Alumnus Jon Sutherland’s Long Run Started at CSUN

  • Jon Sutherland, who holds the U.S. record for most days running a mile, poses in his CSUN cross country uniform. Photo by Lee Choo.

On May 26, 1969, 18-year-old Jon Sutherland sat underneath his favorite tree near the California State University, Northridge baseball field and prayed.

Sutherland ’78 (Radio-Television Broadcasting), who had suffered a 95 percent tear of the peroneal nerve in his lower leg eight weeks prior, was cleared earlier that day by his doctor to start running again, but was unsure how his body would hold up.

“I sat [under the tree] that day and said ‘God, if you let me run today, I’ll run every day for the rest of my life,” Sutherland said. “I was nervous if my leg would hurt or not, but I ended up running over eight miles that day.”

Forty-eight years (17,573 days and counting), 195,000 miles and a U.S. record later, Sutherland hasn’t stopped. For nearly five decades, Sutherland has run at least one mile a day. Many of which — 60,000 by Sutherland’s count — have come at CSUN.

“I was nicknamed ‘Lord of the Loop’ because of how many times I ran around CSUN,” Sutherland said.

Sutherland didn’t just run as a hobby. He had a decorated cross country career as a Matador, having broken six school records, including the 2-mile and 3,000 meter. He also ran (and beat) many of the world’s best runners in competition.

On May 27, 2014, Sutherland became the U.S. record holder for most consecutive days running at least one mile after passing longtime friend Mark Covert, the same person who inspired him to start the streak.

“I ran track with Covert at L.A. Valley College and he told me that he ran every single day in 1968,” Sutherland said. “After I heard that, I figured I would try it too.”

Covert, who started running a year prior to Sutherland, ended his streak after his 45th anniversary.

For Sutherland, one year quickly turned into decades, while the one-mile-a-day minimum set by the United States Running Streak Association has been almost nonexistent in his world because he usually surpasses the mark in each of his runs. According to Sutherland, he has averaged more than 11 miles a day since he started.

“Within a month of starting my streak I was running 200 miles a week,” Sutherland said. “I wanted to get good really bad.”

Sutherland’s secret? It’s simple.

“I’ve always been a real good sleeper and made sure to get my eight hours of rest a night,” he said. “I also constantly try and stretch out.”

However, it hasn’t been that easy keeping a streak alive for 48 years. In total, Sutherland has broken 10 bones and has had arthroscopic surgery in both knees. He also suffered an avulsion fracture in his hip while running a half-marathon in 1988 where muscle pulled off his bone.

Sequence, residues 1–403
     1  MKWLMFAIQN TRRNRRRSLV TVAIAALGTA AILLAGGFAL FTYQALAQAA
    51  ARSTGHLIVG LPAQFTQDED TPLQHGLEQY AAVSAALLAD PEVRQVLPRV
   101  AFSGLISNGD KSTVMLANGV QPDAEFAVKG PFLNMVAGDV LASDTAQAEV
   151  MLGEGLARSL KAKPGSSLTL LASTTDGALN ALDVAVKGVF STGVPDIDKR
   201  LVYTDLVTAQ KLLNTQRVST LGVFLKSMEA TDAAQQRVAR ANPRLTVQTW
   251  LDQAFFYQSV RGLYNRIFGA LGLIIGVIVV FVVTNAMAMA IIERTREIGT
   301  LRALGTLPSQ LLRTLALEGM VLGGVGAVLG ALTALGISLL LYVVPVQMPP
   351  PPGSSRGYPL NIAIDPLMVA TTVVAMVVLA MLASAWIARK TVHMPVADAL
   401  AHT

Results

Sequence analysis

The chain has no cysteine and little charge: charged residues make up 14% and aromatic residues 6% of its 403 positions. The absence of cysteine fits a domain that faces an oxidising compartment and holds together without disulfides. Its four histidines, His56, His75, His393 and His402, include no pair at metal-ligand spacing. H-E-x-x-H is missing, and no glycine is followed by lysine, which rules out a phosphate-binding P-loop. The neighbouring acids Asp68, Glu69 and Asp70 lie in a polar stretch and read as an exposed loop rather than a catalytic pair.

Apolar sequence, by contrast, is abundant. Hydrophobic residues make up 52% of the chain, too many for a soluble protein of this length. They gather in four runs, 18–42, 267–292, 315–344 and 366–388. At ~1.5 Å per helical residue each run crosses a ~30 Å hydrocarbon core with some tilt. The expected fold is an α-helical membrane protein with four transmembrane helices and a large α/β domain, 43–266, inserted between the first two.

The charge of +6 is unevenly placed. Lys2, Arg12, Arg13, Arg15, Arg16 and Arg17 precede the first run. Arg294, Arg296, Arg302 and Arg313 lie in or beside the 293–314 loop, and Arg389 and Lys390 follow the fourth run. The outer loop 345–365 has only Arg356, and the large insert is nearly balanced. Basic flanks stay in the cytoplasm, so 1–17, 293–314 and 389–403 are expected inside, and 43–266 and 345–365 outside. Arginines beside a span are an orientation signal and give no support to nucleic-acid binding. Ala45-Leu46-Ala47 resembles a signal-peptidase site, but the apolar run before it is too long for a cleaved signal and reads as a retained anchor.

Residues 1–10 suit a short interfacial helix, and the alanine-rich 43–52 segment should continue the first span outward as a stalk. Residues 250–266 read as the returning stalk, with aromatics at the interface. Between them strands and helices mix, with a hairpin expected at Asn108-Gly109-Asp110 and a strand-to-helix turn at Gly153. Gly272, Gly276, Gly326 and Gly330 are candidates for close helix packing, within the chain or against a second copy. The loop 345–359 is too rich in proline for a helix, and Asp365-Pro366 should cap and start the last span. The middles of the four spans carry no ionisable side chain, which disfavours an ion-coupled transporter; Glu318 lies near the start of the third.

“I heard a big pop and all of a sudden my leg went dead,” Sutherland said. “I was able to finish the race, but could only jog for about six months after that.”

After graduation, Sutherland spent years as an accomplished music journalist, editor, and publisher, interviewing the likes of Ozzy Osbourne and Metallica. Luckily, there was always a park or road he could sneak off to for a quick run on his lunch break.

“I’m probably more famous as a runner because of the streak, but before that I was probably more known as a writer,” said Sutherland. “I already knew how to tell a story when I came to college, but didn’t learn the form of writing until I got to CSUN.”

As far as the streak is concerned, the 66-year-old has no plans of stopping. Sutherland, who is the head cross country coach at Chaminade High School, said he’s running three or four miles a day right now due to a nagging back injury, but hopes to get up to eight miles soon.

CSUN means more to Sutherland than just the birthplace of his 48-year streak and the institution he learned important writing skills. The memories, both on and off the track, have remained with Sutherland every mile he runs.

“I still come to CSUN and run on the track,” said Sutherland. “I feel warmth and happiness thinking about CSUN. I had so much fun here, and it still feels like home to me.”

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